A population-based analysis of the impact of the COVID-19 pandemic on common abdominal and gynecological emergency department visits
Gomez D, Simpson AN, Sue-Chue-Lam C, de Mestral C, Dossa F, Nantais J, Wilton AS, Urbach D, Austin PC, Baxter NN. CMAJ. 2021; 193(21):E753-60. Epub 2021 May 25. DOI: https://doi.org/10.1503/cmaj.202821
Background — Reduced use of the emergency department during the COVID-19 pandemic may result in increased disease acuity when patients do seek health care services. We sought to evaluate emergency department visits for common abdominal and gynecologic conditions before and at the beginning of the pandemic to determine whether changes in emergency department attendance had serious consequences for patients.
Methods — We conducted a population-based analysis using administrative data to evaluate the weekly rate of emergency department visits pre-COVID-19 (Jan. 1–Mar. 10, 2020) and during the beginning of the COVID-19 pandemic (Mar. 11–June 30, 2020), compared with a historical control period (Jan. 1–July 1, 2019). All residents of Ontario, Canada, presenting to the emergency department with appendicitis, cholecystitis, ectopic pregnancy or miscarriage were included. We evaluated weekly incidence rate ratios (IRRs) of emergency department visits, management strategies and clinical outcomes.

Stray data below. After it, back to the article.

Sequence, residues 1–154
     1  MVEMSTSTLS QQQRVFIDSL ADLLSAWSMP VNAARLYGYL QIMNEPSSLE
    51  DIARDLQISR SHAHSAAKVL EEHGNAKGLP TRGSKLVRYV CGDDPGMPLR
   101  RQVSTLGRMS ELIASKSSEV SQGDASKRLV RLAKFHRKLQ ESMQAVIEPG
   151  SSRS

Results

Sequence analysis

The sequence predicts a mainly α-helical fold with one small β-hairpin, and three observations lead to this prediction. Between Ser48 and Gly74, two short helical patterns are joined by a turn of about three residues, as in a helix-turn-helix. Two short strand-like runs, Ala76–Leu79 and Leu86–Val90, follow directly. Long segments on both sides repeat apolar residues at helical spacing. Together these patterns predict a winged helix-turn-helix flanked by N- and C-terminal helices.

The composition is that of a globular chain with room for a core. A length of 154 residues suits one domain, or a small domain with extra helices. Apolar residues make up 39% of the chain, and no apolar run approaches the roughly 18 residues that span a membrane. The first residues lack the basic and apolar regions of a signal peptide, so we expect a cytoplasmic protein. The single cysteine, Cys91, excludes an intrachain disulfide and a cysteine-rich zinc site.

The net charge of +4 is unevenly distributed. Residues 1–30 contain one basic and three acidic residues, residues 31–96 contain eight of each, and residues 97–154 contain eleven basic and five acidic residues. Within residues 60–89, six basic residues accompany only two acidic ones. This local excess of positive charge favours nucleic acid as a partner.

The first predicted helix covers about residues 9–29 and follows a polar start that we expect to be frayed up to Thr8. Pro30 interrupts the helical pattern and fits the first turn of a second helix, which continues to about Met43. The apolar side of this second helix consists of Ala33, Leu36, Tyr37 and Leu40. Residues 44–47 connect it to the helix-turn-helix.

Results — Across all study periods, 39 691 emergency department visits met inclusion criteria (40.2 % appendicitis, 32.1% miscarriage, 21.3% cholecystitis, 6.4% ectopic pregnancy). Baseline characteristics of patients presenting to the emergency department did not vary across study periods. After an initial reduction in emergency department visits, presentations for cholecystitis and ectopic pregnancy quickly returned to expected levels. However, presentations for appendicitis and miscarriage showed sustained reductions (IRR 0.61–0.80), with 1087 and 984 fewer visits, respectively, after the start of the pandemic, relative to 2019. Management strategies, complications and mortality rates were similar across study periods for all conditions.
Interpretation — Although our study showed evidence of emergency department avoidance in Ontario during the first wave of the COVID-19 pandemic, no adverse consequences were evident. Emergency care and outcomes for patients were similar before and during the pandemic.
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